(According to the U.S. Food and Drug Administration (2013), the "four simple steps" are:
• Clean: Frequently cleanse hands, food preparation surfaces, and utensils.
• Separate: Avoid contact among raw meat, fish, or poultry and other foods that will not be cooked before consumption
• Cook: Cook foods to the proper temperature.
• Chill: Properly store foods, and promptly refrigerate.
DIF: Cognitive Level: Apply REF: p. 361
TOP: Nursing Process: Assessment MSC: Client Needs: Health Promotion and Maintenance)
Foodborne illnesses can cause adverse effects for both mother and fetus. The nurse is in an ideal position to evaluate the client's knowledge regarding steps to prevent a foodborne illness. The nurse asks the client to "teach back" the fours simple steps of food preparation. What are they? (Select all that apply.)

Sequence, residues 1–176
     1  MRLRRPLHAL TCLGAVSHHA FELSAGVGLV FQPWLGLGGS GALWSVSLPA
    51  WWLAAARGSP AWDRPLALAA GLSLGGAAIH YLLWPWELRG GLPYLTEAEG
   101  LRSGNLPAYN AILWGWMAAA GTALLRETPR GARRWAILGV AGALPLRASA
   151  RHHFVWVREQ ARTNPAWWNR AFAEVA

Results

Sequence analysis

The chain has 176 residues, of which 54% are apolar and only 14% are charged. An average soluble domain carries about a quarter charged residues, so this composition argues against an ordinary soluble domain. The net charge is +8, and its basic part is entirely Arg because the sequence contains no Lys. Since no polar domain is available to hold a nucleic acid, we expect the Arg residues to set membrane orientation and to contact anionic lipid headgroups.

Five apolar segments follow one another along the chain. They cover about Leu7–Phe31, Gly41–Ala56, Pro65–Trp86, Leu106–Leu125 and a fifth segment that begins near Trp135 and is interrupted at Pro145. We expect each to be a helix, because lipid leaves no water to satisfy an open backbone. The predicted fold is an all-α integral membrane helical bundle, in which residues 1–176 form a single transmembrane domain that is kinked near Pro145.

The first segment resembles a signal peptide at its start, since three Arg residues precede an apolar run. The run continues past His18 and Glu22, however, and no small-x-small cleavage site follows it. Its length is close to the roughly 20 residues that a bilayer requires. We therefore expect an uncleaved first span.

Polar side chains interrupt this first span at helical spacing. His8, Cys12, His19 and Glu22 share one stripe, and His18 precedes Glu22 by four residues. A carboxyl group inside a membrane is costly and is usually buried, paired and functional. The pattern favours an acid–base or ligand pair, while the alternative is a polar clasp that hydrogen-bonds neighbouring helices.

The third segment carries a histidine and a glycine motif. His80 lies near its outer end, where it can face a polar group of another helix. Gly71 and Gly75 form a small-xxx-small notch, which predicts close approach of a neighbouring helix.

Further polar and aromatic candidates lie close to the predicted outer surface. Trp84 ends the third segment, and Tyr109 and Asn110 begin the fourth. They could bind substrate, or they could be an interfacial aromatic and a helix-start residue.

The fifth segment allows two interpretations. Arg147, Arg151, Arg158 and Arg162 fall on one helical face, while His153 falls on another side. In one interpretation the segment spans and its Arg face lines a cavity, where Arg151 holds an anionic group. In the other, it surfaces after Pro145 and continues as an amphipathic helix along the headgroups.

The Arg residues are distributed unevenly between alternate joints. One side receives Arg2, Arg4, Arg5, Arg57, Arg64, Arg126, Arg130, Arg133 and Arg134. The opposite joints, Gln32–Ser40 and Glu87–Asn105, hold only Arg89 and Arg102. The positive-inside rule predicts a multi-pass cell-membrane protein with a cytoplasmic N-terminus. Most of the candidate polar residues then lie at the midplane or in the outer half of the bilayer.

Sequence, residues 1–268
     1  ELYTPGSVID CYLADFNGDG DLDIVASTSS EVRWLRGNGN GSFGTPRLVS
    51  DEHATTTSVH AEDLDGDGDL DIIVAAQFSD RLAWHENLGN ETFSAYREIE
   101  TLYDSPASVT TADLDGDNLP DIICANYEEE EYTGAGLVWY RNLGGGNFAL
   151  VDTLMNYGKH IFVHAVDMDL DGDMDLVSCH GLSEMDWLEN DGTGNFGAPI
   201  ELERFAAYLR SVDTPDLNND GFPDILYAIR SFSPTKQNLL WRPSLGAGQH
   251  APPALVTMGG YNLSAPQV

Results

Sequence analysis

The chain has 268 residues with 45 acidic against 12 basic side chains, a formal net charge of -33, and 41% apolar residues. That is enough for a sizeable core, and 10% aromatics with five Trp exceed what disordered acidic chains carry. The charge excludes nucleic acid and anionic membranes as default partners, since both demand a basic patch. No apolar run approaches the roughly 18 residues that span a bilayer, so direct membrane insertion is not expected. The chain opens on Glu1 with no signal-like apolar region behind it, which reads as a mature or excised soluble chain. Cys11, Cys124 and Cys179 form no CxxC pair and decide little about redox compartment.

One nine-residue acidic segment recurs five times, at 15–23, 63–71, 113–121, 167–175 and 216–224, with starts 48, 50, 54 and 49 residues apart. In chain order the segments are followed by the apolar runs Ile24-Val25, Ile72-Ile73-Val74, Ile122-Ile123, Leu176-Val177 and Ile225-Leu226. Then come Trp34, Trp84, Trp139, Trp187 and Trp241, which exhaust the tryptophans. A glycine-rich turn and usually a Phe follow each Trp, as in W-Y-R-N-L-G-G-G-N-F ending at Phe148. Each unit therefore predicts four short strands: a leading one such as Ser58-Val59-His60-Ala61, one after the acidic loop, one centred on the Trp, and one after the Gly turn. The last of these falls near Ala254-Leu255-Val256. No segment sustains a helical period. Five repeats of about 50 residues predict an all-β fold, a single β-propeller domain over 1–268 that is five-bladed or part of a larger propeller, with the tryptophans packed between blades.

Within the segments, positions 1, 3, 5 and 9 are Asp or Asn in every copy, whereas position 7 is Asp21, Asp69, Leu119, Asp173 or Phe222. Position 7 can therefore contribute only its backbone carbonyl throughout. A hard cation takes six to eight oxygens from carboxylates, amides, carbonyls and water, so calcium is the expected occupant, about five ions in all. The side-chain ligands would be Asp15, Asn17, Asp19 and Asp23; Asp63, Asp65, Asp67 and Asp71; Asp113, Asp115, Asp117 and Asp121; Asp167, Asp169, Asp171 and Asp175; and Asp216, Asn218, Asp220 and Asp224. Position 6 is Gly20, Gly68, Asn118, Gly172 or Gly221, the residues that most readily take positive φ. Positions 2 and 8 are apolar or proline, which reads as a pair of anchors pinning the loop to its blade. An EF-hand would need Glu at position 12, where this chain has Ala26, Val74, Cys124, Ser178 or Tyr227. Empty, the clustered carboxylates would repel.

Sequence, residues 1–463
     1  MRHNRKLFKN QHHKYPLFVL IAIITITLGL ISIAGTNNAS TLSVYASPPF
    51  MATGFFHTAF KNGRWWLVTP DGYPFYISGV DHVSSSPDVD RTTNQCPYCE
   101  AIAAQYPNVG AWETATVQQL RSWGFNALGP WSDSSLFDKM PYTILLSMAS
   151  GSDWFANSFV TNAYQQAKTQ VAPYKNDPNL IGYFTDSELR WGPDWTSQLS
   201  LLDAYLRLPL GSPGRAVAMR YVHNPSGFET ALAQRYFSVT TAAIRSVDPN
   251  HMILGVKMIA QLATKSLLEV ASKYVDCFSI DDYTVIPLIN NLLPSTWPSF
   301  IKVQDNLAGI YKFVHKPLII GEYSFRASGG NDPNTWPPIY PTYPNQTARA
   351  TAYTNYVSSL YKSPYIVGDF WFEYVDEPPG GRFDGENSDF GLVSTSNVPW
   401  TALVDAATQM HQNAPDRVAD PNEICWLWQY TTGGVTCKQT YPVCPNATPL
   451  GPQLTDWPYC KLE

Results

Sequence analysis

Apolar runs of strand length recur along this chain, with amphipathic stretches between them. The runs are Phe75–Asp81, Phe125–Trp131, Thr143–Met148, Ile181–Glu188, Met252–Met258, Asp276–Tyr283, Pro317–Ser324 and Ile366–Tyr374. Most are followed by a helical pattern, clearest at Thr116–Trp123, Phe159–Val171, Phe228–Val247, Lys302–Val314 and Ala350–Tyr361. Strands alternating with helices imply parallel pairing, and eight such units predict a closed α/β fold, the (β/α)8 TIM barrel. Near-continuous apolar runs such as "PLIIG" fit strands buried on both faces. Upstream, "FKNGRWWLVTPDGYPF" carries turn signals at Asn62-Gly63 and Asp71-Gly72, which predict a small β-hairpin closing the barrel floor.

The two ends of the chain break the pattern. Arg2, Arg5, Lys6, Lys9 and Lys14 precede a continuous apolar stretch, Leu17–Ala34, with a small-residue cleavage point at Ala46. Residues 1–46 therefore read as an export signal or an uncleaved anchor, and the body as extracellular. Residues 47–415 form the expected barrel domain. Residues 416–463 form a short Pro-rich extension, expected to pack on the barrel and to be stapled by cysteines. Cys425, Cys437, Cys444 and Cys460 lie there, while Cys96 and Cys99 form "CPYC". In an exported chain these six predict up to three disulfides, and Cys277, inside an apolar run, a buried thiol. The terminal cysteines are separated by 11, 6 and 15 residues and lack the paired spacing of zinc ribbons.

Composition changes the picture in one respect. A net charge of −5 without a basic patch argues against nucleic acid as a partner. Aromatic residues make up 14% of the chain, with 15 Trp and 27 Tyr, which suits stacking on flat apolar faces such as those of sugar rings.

(Some patients decrease their food intake during pregnancy for fear of weight gain. This may affect fetal development. Therefore the nurse should teach the patient to maintain adequate nutrition. When the patient delivers the baby and begins to breastfeed, this will aid postpartum weight loss. However, most of the weight is lost after the child's birth due to reduction of fat. There is no evidence that reduced consumption of carbohydrates may cause fetal obesity. Fetal obesity can happen as a result of maternal obesity. Lack of proper nutrition causes ketonuria, which may lead to preterm delivery, not a delay in the delivery. Ketonuria happens because the body breaks down fats for energy because of the lack of carbohydrates. Carbohydrates and proteins are essential for fetal development. Therefore the nurse should suggest the patient eat a balanced diet, rather than increasing the intake of protein.)